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Boeing's Starliner capsule launches on first crewed space flight

WASHINGTON (Reuters) -- Boeing's new Starliner astronaut capsule was launched from Florida on Wednesday in a much-delayed first test flight carrying a crew, a milestone in the aerospace giant's ambitions to step up its competition with Elon Musk's SpaceX.

The CST-100 Starliner, with two astronauts aboard, lifted off from the Cape Canaveral Space Force Station in Florida, strapped to an Atlas V rocket furnished and flown by the Boeing-Lockheed Martin joint venture United Launch Alliance (ULA).

The gumdrop-shaped capsule and its crew were headed for a rendezvous with the International Space Station (ISS), two years after the Starliner completed its first test voyage to the orbital laboratory without astronauts aboard. Docking maneuvers with crew will pose another test for Starliner, followed roughly a week later by the test of returning to Earth.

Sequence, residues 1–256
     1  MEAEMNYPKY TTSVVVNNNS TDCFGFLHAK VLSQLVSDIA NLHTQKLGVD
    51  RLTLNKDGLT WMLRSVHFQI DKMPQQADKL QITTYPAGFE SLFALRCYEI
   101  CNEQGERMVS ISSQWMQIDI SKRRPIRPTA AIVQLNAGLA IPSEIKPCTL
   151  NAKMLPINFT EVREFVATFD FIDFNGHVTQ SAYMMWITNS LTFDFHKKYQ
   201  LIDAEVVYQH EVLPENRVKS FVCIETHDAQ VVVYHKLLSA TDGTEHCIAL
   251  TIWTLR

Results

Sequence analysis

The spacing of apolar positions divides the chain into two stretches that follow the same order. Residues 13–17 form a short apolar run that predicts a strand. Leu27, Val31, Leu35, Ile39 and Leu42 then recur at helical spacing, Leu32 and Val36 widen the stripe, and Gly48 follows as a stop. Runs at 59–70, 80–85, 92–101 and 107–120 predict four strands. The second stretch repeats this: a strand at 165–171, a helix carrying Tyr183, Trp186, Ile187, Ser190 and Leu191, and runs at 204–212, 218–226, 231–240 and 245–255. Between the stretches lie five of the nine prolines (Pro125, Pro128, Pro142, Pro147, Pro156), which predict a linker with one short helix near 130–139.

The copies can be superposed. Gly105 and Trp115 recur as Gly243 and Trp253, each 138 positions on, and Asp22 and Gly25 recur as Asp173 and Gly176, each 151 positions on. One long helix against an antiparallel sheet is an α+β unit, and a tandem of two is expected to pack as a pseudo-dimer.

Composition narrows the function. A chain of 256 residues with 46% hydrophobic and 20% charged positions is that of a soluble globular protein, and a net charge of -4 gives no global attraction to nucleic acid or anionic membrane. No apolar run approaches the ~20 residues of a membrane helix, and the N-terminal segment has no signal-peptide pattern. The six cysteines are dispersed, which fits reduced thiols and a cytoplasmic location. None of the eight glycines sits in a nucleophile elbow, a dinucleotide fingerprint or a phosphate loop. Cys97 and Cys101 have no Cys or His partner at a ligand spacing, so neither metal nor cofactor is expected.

Boeing intends for Starliner to compete with SpaceX's Crew Dragon capsule, which since 2020 has been NASA's only vehicle for sending ISS crew members to orbit from U.S. soil.

Last-minute issues had nixed the Starliner's first two crewed launch attempts. A May 6 countdown was halted two hours before liftoff over three issues that required weeks of extra scrutiny. Another try last Saturday was halted less than four minutes before liftoff because of a glitch with a launchpad computer.

On Wednesday, the Atlas V's engines thundered to life in flaming clouds of exhaust and coolant-water vapor as the spacecraft roared off its launch pad into the sky from Florida's Atlantic Coast.

The Atlas V upper stage separated from the rocket's lower section about four minutes into flight, followed by Starliner's separation from the second stage. Now on its own in space, Starliner will ascend deeper into